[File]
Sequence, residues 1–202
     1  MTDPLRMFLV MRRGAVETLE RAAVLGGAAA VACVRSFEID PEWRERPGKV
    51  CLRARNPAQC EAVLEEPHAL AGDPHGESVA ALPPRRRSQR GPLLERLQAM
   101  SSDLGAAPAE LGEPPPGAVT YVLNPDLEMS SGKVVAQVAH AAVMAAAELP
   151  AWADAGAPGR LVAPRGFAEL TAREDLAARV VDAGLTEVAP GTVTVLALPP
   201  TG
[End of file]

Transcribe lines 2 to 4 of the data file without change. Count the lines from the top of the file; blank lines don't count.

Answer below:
     1  MTDPLRMFLV MRRGAVETLE RAAVLGGAAA VACVRSFEID PEWRERPGKV
    51  CLRARNPAQC EAVLEEPHAL AGDPHGESVA ALPPRRRSQR GPLLERLQAM
   101  SSDLGAAPAE LGEPPPGAVT YVLNPDLEMS SGKVVAQVAH AAVMAAAELP